Home Magazine Publishing Company A Woman Without Compromise – The New York Times

A Woman Without Compromise – The New York Times


“We consider her one of our own,” said Linda Thomas-Greenfield, the US ambassador to Liberia, describing Sirleaf’s appeal to Western diplomats and aid givers. Thomas-Greenfield, an African American who came to Liberia as a doctoral student studying rice production in the late 1970s, and who then heard of Sirleaf, stressed the importance of the fact that Sirleaf worked, during his exile, as a senior UN official. and as vice president of Citicorp in Nairobi in charge of the bank’s African operations. Sirleaf, she says, straddles the worlds with agility. The president is able to speak to Liberian voters in ways that disarm mistrust of her “book” learning; she managed to work with old political enemies now in the Liberian legislature; and the ambassador said, “She speaks our language.” We know, with her, that good governance and corruption are taken seriously. She is extremely popular. We know our money is well spent. And then there’s the fact that she’s a woman — the first. We don’t want to see it fail.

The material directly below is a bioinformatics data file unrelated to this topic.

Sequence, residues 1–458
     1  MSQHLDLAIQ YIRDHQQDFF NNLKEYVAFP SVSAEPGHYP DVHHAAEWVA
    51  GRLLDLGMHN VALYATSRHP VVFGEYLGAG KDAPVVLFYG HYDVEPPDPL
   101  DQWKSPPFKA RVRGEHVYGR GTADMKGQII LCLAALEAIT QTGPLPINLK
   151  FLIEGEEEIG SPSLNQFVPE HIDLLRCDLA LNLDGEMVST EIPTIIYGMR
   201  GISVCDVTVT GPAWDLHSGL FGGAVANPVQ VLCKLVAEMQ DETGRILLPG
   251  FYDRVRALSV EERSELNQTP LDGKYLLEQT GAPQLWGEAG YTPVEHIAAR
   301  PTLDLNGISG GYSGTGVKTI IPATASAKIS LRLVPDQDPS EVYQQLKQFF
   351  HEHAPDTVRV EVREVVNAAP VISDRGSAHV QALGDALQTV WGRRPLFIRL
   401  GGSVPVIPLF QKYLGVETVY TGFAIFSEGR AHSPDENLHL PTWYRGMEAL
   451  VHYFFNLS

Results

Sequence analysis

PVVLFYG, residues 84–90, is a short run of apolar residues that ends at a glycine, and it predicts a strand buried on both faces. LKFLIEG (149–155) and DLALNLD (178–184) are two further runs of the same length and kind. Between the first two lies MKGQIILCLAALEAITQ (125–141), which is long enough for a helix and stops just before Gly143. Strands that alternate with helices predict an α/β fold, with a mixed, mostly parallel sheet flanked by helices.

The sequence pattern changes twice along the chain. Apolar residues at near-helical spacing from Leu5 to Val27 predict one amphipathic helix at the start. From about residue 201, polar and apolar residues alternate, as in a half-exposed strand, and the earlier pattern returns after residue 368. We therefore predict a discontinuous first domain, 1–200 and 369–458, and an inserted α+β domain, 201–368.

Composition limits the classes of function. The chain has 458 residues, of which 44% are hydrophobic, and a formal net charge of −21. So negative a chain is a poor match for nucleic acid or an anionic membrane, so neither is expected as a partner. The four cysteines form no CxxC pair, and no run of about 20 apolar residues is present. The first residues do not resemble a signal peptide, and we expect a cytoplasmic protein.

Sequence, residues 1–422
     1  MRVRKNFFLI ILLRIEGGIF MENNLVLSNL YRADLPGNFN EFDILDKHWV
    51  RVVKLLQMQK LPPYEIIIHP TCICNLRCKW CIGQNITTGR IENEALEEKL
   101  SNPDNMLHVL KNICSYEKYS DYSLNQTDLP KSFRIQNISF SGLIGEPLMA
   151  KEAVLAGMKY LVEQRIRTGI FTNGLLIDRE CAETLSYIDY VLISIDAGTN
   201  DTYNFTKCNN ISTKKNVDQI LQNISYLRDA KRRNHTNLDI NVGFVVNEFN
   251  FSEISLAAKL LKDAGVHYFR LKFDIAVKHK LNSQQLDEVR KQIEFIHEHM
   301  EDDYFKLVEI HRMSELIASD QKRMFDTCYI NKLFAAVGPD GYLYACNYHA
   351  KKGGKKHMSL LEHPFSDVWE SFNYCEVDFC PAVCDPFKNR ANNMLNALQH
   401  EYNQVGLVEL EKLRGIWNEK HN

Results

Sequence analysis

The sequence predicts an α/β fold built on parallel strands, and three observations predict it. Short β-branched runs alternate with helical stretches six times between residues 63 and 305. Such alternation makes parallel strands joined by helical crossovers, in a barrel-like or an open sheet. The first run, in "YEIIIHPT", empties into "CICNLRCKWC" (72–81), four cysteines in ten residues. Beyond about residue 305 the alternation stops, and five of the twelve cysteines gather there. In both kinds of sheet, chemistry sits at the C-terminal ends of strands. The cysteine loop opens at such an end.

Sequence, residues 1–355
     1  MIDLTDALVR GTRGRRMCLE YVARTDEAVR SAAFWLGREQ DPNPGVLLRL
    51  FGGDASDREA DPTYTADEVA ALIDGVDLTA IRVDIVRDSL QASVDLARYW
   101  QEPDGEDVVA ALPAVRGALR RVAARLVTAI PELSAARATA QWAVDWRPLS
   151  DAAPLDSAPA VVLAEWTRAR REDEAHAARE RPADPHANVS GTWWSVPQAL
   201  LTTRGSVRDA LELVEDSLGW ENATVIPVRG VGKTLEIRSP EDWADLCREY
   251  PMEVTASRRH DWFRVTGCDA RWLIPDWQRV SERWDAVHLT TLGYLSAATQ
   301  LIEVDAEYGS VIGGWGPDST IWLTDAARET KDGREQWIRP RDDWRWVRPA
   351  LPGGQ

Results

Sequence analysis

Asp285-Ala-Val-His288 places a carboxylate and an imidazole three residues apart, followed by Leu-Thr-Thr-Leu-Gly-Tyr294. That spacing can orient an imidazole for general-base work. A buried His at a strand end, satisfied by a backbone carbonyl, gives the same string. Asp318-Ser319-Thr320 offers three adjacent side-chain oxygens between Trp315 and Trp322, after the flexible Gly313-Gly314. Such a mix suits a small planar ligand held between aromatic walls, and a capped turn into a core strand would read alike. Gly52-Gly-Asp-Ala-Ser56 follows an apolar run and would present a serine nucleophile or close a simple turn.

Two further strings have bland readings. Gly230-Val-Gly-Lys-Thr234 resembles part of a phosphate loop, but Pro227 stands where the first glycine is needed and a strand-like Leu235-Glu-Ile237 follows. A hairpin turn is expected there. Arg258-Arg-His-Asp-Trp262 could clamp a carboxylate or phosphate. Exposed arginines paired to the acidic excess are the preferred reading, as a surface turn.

Thomas-Greenfield described Sirleaf’s lobbying style: “I wouldn’t call her charismatic. It’s more that she’s very serious, very focused. Down to the smallest detail. It was easy to imagine, given Sirleaf’s focus on the fence amidst all that’s wrong after a war that sparked widespread rapes and the conscription of child soldiers, possibly as young as 7. , some of them forced to kill their own parents. “She’s bringing this country out of darkness into light,” Thomas-Greenfield said.